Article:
3. 3. On Existence Of A Vaccination Model…43We may write equation (8) in compact form asTheorem 1 [12]Let denote the regionand suppose that satisfies the Lipschitz conditionwhenever the pairs and belong to where is a positive constant. Then, there is a constantsuch that there exists a unique continuous vector solution of the system (9) in the interval.It is important to note that condition (11) is satisfied by the requirement that are continuousand bounded inWe now return to our model equations (1) – (6). We are interested in the regionWe look for a bounded solution in this region and whose partial derivatives satisfy where andare positive constants.We now use the theorem above to state our own theorem below:Theorem 2Let denote the region . Then, equation (1) – (6) has a unique solution.ProofWe show that are continuous and bounded in .LetUsing equation (13), we have the partial derivatives belowThese partial derivatives exist, continuous and are bounded in the same way the other derivatives exist and arebounded. Hence, by Theorem 2, the model system (1) – (6) has a unique solution.IV. DISCUSSION AND CONCLUSIONIn this paper, we discussed a mathematical model of TB with a focus on vaccination for the treatmentof active TB.We proved existence and uniqueness of solution in order to ascertain the existence of the model.The model proposed in this paper can used in interactive workshops with health planners and otherstakeholders in TB control so that participants could gain a better understanding of how BCG vaccines couldbe used to control the disease. In addition, the model can be applied to specific-country data on TB and thensimulated over a given time frame in order to estimate the number of new TB infections so that prevention andintervention strategies could be properly designed.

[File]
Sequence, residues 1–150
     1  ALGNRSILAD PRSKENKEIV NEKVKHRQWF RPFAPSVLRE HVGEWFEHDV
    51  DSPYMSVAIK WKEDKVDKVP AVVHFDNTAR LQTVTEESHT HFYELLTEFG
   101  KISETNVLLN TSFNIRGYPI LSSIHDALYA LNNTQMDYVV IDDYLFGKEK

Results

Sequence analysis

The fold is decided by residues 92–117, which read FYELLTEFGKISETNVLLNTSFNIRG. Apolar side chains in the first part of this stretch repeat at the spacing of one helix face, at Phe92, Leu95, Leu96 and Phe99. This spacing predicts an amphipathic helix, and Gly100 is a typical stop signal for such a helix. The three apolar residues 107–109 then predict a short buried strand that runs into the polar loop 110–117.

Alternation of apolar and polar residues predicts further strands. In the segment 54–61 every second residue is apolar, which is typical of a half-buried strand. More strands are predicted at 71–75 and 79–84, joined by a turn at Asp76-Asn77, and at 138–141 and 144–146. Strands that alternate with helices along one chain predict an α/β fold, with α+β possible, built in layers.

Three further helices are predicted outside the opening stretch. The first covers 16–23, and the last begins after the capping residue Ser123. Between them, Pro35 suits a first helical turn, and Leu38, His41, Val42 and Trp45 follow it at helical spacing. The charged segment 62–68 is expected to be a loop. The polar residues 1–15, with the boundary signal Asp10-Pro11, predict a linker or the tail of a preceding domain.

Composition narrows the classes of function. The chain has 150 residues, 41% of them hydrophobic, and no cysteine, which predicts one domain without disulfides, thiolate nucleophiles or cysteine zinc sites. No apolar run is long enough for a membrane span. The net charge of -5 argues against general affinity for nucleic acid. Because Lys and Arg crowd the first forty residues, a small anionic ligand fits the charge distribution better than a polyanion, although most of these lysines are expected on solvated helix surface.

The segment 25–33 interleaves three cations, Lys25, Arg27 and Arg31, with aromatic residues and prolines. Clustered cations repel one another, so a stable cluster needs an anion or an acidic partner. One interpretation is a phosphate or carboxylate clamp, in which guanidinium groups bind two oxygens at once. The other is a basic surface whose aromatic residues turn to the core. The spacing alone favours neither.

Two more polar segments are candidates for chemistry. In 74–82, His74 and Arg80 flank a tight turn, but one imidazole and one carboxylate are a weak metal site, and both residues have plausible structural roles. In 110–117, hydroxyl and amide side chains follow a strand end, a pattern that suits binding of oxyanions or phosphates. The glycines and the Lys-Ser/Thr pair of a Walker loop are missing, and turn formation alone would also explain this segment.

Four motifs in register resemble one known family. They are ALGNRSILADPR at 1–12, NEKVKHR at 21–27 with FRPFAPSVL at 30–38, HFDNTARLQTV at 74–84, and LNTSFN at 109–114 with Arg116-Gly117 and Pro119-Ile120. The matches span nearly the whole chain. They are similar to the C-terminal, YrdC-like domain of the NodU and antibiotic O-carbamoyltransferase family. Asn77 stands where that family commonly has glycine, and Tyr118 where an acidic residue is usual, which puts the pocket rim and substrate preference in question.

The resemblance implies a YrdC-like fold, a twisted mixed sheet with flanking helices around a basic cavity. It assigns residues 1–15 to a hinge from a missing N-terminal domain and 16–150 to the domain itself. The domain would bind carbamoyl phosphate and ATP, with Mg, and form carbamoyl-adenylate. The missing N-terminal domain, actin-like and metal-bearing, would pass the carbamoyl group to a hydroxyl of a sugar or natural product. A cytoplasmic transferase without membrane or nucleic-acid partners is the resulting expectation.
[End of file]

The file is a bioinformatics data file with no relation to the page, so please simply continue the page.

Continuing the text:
4. 4. On Existence Of A Vaccination Model…44REFERENCES[1] Z.Araujo,J.H. de Waard, C.Fernandez de Larrea, R. Borges,J. Convit, The effect of Bacille Calmette Guerin Vaccine on tuberculinreactivity in indigenous children from communities with high prevalence of tuberculosis, Vaccine 26(2008), 5575-5581.[2] S.M.Blower, A.R.McLean,T.C. Porco, P.M. Small, P.C. Hopewell,M.A. Sanchez, A.R. Moss, The intrinsic transmission dynamicsof tuberculosis epidemics, Nat. Med.1(8)(1995), 815-821.[3] S.M.Blower,Cohen, T., Modelling the emergence of the „hot zones‟ tuberculosis and the amplification dynamics of drug resistance,Nat. Med. (2004) 10(10), 1111-1116.[4] S.M.Blower,P.M.Small, P.C.Hopewell,Control strategies for tuberculosisepidemics:new models for old problems, Science 273(5274)(1996), 497-500.[5] C.Castillo-Chavez, Z.Feng, To treat or not to treat: the case of tuberculosis, J. Math Biol.356(1997), 629-656.[6] C.Castillo-Chavez, Z.Feng, Global stability of an age-structure model for TB and its applications to optimal vaccination strategies,Math. Biosci.151 (2) (1998), 135-154.[7] Castillo-Chavez,C.et al.(2005).A model of tuberculosis with exogenous re-infection.Theor. Pop.Biol.132, 235-239.[8] T.Cohen, M.Murray, Modelling epidemics of multidrug-resistant m. tuberculosis of heterogeneous fitness, Nat. Med.10(10) (2004),1117-1121.[9] T. Cohen,T. C. Colijn, B. Finklea, M. Murray, Exogenous re-infection and the dynamics of tuberculosis epidemics: local effects ina network model of transmission. J R Soc Interface 4(14) (2007), 523-531.[10] C.Colijn, T.Cohen, M.Murray, Mathematical models of tuberculosis: accomplishments and future challenges, Proc.Natl.Aca.Sci.103(11) (2006), 1-28.[11] E.L. Corbett, B. Marston, G.J. Churchyard, K.M. DeCock, Tuberculosis in sub- Sahara Africa: opportunities, challenges and changein the era of anti-retroviral treat ment.Lancet 367 (2006),926-937[12] N.R.Derrick, S.L.Grossman, Differential Equation with applications, Addison Wesley Publishing Company, Phillipines, Inc.(1976).[13] C. Dye, Global epidemiology of tuberculosis, The Lancet 367(9514) (2006), 938-940.[14] S.A. Egbetade, M.O.Ibrahim,Stability analysis of equilibrium states of an SEIR Tuberculosis Model, Journal of NigerianAssociation of Mathematical Physics 20 (2012),119-124.[15] S.A.Egbetade,M.O. Ibrahim,Global stability results for a tuberculosis epidemic model, Research Journal of Mathematics andStatistics 4(1) (2012), 14-20.[16] T.C.Porco, P.M. Small, S.M. Blower, Amplification dynamics: predicting the effect of HIV on tuberculosis outbreaks, J. AcquirImmune Defic Syndr. 28(5) (2001), 437-444.[17] O. Sharomi, C.N. Podder, A.B. Gumel, E.H. Elbasha, J.Watmough, Role of incidence function in vaccine-induced bifurcation insome HIV models, Mathematical Bioscience 210(2007), 436-463.[18] World Health Organization. Position paper on BCG vaccination.(2004)http://www.who.int/immunization/wer7904BCG[19] World Health Organization. WHO vaccine-preventable diseases: monitoring system, Global Summary (2007) web page:<www.who.org>[20] World Health Organization. Tuberculosis fact sheet (2010) web page : <www.who.org>[21] World Health Organization .The Global Plan to Stop TB(2011) http://www./stoptb.org/global/plan/